What Galleries Look for in Potential Exhibitors

Aramais Paronyan, MD, formerly treated patients at Good Health Medical Center
in Los Angeles, California. Dr. Aramais Paronyan also has a love for the arts and sponsored an art exhibit at the Arshag and Eleanor Dickranian Diocesan Complex in Burbank, California, in 2009, providing an opportunity for talented local artists to showcase their works to the public.

Artists who want their works to be exhibited usually have to transact with gallery owners for exhibit space. However, looking for exhibit opportunities is not as easy as finding gallery owners who like the art presented to them. Some gallery owners might be looking for more than just art that interests them. They may be looking for artist personalities that are just as valuable as the art.

The main thing that gallery owners look for in artists is commitment to their art. This might be manifested by a personal philosophy or a declaration of purpose. Because an exhibit is a form of investment, gallery owners want to know what direction the artist is headed in the long run. They may also be interested in artists’ back story to determine their motivation in pursuing their art.

Gallery owners may also expect artists to have background knowledge on the gallery in general, including some history and the art it has represented in the past. Some traits, such as willingness to learn, flexibility, and genuineness may enhance an artist’s chances in getting an exhibit deal.

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Roots of the Western Diocese of the Armenian Church of America

Armenian Church of America pic
Armenian Church of America
Image: armenianchurchwd.com

Dr. Aramais Paronyan is a respected Los Angeles physician who led the family practice Good Health Medical Center and served the health-care needs of Armenian immigrants. Having grown up in Georgia and Armenia, Aramais Paronyan, MD, is active with organizations such as the World Armenian Congress. He earned Diocesan Grand Benefactor status in contributing to the construction of the Western Diocese of the Armenian Church of America’s main cathedral.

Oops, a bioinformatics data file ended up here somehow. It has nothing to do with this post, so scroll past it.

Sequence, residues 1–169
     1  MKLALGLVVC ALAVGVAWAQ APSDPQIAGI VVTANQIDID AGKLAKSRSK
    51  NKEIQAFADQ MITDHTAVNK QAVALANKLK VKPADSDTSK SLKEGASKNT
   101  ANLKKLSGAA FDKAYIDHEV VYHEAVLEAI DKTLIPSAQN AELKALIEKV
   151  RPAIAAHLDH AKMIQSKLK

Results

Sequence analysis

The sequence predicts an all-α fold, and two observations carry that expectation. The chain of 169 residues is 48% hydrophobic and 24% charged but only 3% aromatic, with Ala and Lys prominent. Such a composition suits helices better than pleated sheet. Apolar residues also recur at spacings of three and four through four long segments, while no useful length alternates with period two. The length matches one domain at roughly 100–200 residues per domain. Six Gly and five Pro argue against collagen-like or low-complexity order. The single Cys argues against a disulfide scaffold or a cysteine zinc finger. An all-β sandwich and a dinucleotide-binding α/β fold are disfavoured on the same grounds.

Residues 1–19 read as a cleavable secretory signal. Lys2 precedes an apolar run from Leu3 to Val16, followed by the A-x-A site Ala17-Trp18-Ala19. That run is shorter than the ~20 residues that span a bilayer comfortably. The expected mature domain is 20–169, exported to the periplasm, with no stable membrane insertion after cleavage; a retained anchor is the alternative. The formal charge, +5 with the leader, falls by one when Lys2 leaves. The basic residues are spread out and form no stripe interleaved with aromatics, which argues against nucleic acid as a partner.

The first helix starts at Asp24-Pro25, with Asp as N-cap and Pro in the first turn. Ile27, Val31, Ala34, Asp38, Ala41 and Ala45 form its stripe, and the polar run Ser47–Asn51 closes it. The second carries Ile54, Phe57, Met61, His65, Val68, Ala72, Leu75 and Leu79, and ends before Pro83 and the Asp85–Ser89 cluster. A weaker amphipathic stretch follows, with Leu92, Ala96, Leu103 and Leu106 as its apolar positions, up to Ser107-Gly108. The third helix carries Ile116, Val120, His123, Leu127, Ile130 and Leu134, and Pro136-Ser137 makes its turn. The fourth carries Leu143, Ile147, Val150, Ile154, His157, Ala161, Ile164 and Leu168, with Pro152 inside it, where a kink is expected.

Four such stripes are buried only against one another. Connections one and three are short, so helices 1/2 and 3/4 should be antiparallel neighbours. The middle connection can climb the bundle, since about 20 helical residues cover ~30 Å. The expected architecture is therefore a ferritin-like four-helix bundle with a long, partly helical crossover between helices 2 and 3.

The diocese has its roots in Fresno, California, where there was a growing Armenian population in the early 20th century. Established in 1900, the first Holy Trinity parish church burned down 13 years later and was subsequently rebuilt. In 1927, the Western Diocese was declared a separate entity from the New York-headquartered American Diocese, and to this day there are Western and Eastern branches of the Armenian Church in the United States.

In the 1930s, the St. Paul Armenian Church of Fresno was established, and this longstanding institution was consecrated in 1979 with its current edifice. The Diocesan Headquarters were ultimately created in Burbank, reflecting a shift in demographics to the Los Angeles area. In the early 2000s, under the leadership of Archbishop Hovnan Derderian, the Western Diocese expanded its efforts to welcome and support immigrants from Armenia, as well as from the former Soviet republics and a number of Middle Eastern countries.

If Only Every One – Memories of a Brutal Armenian Conflict

If Only Every One pic
If Only Every One
Image: armenianchurchwd.com

Serving patients in Los Angeles, Dr. Aramais Paronyan worked as a family practitioner and focused on the needs of Armenian immigrant community. Active in his local community, Aramais Paronyan, MD, sponsored a Los Angeles Russian Language Film Festival. He also coproduced the critically acclaimed 2012 film If Only Every One, which was selected as the Armenian Best Foreign Language Film Academy Awards candidate for 2013.

Directed by Natalia Belyauskene, the film is dedicated to the 20th anniversary of Armenia becoming independent and the creation of the country’s armed forces. With an overarching theme that no one wins in war, the film tells the story of a part-Armenian, part-Russian woman whose father was killed during the Artsakh War. This protracted battle over the Nagorno-Karabakh region’s succession pitted Armenia against Azerbaijan.

The protagonist travels to Armenia decades after the war to plant a birch on her father’s gravesite. In the process, she learns more deeply about the grim conflict, as recounted by her father’s old military comrades. The deeply thought-provoking film was shown as part of the ARPA International Film Festival in Hollywood in 2013.